Growth in Britain’s construction industry was its weakest in nine months in January after a short-lived recovery in December, a survey published on Tuesday showed.
The Markit/CIPS UK Construction Purchasing Managers’ Index weakened to 55.0 from 57.8, below the median forecast of 57.5 in a Reuters poll of economists.
Order books grew at the weakest pace in four months and construction firms took on staff at the slowest rate since September 2013.
Housebuilding and commercial property work were the biggest drivers behind the slowdown in January, according to survey compiler Markit.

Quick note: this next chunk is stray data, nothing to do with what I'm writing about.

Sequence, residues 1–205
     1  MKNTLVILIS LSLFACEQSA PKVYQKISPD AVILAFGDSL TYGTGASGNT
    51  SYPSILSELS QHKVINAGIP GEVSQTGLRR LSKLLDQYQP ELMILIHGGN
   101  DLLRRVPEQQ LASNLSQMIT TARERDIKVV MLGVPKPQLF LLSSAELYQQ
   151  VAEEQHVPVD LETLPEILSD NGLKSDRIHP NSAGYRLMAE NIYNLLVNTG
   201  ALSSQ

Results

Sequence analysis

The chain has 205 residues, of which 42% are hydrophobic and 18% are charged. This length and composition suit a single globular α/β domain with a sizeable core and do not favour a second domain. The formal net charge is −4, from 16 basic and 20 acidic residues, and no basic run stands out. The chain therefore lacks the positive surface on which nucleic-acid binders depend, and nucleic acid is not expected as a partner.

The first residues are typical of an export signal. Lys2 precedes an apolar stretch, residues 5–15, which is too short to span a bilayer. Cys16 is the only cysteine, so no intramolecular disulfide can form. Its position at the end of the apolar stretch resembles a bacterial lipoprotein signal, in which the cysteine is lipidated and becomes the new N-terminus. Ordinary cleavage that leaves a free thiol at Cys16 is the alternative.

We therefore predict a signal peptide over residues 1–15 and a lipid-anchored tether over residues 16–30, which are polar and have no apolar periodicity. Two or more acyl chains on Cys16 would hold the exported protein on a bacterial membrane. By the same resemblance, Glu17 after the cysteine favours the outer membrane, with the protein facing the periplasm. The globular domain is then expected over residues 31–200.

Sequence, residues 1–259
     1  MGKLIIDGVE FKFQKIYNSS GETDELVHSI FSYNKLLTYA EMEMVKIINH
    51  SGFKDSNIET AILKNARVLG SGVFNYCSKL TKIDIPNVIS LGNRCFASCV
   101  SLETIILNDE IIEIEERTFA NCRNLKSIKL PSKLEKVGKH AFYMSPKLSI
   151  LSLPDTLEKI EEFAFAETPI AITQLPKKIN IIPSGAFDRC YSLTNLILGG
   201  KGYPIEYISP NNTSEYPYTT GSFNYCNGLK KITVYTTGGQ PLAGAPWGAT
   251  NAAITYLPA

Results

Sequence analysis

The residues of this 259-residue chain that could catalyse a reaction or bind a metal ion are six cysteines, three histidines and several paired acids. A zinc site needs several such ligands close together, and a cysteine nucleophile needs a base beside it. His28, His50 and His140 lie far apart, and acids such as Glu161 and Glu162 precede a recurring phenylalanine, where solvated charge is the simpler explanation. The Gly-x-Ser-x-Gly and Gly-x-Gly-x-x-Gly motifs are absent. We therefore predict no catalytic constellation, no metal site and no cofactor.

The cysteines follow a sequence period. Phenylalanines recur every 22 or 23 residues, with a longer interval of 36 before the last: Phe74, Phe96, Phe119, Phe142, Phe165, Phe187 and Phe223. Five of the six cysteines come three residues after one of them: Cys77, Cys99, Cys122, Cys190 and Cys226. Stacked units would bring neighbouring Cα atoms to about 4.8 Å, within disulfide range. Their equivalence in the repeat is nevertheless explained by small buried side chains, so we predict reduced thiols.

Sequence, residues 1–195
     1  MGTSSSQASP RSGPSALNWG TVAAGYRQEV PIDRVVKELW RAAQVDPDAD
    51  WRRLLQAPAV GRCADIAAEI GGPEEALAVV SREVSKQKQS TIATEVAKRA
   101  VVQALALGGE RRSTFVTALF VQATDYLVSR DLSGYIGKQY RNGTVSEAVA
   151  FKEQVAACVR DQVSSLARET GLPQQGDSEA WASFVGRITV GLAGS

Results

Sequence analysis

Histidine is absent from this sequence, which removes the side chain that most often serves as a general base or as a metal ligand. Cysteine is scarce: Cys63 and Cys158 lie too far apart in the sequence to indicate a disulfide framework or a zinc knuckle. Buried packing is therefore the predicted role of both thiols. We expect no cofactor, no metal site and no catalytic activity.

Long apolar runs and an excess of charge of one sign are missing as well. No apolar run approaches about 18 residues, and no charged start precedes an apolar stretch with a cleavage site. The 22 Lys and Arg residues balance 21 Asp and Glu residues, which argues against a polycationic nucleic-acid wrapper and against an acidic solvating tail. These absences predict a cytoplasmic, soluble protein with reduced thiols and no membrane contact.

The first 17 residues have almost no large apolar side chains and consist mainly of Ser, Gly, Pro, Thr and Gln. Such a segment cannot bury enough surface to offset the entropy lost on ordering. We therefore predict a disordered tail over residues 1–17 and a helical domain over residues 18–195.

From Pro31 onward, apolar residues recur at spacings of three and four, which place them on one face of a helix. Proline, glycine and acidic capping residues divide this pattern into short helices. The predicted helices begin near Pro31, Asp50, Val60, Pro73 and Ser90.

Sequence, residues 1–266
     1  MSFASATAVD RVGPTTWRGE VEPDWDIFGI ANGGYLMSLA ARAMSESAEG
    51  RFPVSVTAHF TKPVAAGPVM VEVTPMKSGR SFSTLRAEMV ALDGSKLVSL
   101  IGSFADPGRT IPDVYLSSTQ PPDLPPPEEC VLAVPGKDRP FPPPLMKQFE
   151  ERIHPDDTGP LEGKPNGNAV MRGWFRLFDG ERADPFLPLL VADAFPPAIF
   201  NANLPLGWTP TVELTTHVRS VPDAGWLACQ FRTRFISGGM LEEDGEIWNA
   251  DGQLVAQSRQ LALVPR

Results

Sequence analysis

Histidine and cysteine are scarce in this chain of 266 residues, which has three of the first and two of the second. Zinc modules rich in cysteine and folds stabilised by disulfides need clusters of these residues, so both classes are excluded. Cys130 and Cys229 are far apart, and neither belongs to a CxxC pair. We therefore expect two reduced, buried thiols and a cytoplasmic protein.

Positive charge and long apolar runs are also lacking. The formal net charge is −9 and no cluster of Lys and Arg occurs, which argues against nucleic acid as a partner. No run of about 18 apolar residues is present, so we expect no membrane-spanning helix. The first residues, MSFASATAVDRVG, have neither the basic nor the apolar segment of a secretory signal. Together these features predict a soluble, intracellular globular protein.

“UK construction firms struggled for momentum at the start of this year, with heightened economic uncertainty acting as a brake on new orders and contributing to one of the weakest rises in output levels since the summer of 2013,” Markit economist Tim Moore said.
The PMI contrasted with a similar gauge of Britain’s manufacturing sector published on Monday which showed the factory sector had a stronger-than expected start to 2016, raising hope that Britain would not be hit too hard by a slowdown in the global economy.
Analysts look at the surveys for the early signs they give about the broader economy. However, the PMIs for the construction sector have been at odds with data used in official growth figures in recent months.
Optimism among construction companies waned to its lowest level since December 2014, the PMI showed.
“Taken together with the slowdown in new order growth, the latest survey suggests that construction companies are braced for a relatively subdued first quarter,” Moore said.
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